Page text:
The second soldier to arrive was Hilaire Pothier, son of Henri Pothier. It was 3 March 1919 and this date remains clear in my memory. The Pothiers were our neighbours and each time they would receive news from Hilaire they would share it with us. Now, on this beautiful date of 3 March 1919 (it was however very cold for the time of year) Henri and Hermance learned that their son was going to take the train in Halifax that morning to arrive in Pubnico late in the afternoon. When I returned home from school, around 3:30 pm, Hermance called me over to ask if I would make ice cream to serve at the reception that evening. Hilaire Henri Pothier.She didn’t have to ask me twice. To help speed up the task, I invited Eddie à Vincent and Leonard Doucet to lend me a hand. With a wheelbarrow and an axe, we went to “the edge of the woods” at Gori’s pond where there was still a little ice. We brought it into the adjoining building to Henri Pothier’s barn and we started turning the old freezer, each taking our turn. Our efforts soon gave us about a gallon of ice cream that was served at the reunion that night. Thankfully, nobody complained of stomach pains the following day. It should be said in passing that this adventure had excited me so much that I had even forgotten to go home for supper.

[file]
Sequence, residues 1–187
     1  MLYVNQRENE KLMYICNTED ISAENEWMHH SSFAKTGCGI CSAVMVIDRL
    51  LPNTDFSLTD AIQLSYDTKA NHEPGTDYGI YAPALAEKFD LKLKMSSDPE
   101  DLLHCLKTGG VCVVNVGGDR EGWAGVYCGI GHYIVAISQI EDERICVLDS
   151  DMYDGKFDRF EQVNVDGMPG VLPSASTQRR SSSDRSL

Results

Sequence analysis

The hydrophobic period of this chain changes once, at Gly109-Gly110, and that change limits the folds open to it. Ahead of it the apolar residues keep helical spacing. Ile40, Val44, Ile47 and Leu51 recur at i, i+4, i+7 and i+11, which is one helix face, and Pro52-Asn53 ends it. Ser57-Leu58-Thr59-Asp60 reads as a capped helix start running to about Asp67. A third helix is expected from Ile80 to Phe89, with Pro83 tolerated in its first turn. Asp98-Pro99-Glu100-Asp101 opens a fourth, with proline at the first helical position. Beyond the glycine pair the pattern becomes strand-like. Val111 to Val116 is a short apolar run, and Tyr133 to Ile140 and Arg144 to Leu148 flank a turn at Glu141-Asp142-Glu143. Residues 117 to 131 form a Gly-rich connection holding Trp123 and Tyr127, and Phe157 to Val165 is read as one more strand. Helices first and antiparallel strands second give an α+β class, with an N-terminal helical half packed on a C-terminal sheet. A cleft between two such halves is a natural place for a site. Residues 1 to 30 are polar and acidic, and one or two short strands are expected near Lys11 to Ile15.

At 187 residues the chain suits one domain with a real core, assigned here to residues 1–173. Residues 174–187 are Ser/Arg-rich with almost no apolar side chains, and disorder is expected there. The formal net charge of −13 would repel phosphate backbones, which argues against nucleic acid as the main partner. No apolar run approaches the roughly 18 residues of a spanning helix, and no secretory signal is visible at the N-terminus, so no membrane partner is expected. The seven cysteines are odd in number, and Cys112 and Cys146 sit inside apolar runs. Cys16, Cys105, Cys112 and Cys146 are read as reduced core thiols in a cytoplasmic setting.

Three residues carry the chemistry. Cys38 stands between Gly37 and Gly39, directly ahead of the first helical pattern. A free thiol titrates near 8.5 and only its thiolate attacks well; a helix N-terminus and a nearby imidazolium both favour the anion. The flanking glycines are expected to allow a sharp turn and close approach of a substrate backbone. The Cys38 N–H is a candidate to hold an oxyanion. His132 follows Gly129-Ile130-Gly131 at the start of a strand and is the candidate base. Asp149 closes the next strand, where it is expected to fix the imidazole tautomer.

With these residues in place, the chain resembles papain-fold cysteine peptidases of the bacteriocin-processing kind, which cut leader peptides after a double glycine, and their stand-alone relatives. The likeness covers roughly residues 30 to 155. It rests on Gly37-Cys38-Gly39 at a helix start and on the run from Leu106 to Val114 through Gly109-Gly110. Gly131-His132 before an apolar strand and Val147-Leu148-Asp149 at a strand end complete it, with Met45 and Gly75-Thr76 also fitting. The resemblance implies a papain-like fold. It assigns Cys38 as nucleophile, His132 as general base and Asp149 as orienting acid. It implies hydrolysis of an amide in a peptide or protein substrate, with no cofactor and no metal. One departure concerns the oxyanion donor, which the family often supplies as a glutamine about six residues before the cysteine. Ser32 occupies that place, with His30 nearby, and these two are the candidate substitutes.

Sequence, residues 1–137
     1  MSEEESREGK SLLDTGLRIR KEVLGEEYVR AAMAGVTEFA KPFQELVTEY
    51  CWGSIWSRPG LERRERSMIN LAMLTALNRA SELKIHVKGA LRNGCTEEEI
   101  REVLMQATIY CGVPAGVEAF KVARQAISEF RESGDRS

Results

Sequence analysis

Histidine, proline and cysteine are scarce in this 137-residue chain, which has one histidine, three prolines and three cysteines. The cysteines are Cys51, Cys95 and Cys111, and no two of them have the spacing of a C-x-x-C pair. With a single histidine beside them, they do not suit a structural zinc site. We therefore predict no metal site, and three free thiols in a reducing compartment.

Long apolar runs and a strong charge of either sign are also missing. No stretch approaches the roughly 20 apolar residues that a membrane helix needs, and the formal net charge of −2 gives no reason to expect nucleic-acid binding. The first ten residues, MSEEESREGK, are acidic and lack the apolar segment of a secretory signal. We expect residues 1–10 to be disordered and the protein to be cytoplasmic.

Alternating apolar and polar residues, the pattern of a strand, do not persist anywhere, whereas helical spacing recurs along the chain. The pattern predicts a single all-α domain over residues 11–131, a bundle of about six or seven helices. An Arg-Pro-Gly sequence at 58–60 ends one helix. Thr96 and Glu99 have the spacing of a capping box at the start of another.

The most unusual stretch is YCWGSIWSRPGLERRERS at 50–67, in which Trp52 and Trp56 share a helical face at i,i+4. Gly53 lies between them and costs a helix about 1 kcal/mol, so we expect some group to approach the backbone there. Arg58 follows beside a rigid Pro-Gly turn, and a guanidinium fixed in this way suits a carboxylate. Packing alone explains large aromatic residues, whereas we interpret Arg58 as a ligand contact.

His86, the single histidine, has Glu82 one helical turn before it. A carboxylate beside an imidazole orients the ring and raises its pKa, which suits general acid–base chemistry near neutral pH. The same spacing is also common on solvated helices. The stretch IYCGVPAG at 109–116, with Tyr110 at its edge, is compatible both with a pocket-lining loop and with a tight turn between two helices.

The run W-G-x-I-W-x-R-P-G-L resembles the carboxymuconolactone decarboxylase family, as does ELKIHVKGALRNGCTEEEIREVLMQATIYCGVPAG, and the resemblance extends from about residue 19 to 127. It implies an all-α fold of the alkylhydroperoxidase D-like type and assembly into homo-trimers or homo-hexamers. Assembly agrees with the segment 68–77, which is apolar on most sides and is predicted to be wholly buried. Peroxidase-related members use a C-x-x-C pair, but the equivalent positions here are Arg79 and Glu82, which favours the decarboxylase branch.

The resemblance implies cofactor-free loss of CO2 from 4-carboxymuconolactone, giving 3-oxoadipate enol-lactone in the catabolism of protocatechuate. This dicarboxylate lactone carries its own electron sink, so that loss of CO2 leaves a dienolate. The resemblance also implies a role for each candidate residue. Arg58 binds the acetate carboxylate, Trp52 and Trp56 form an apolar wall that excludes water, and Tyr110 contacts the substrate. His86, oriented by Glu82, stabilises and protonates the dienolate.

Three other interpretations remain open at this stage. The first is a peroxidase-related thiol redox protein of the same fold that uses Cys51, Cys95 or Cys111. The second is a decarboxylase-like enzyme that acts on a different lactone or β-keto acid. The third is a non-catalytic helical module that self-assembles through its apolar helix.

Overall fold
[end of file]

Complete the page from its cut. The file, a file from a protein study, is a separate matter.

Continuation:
As the roads were not yet paved, when the first spring thaws arrived, transportation was not easy. Octave d’Eon had offered to go meet Hilaire at the station with his Ford. He took along a few companions and once Hilaire descended from the train they all got in the car to come home. With the road a muddy mess, the poor machine trudged along slowly. We managed to get as far as what we always called “Le Grand Ruisseau” (the great brook) where we abandoned the car and planned to return for it in the evening when the road would begin to freeze. Before we left we had to empty the radiator.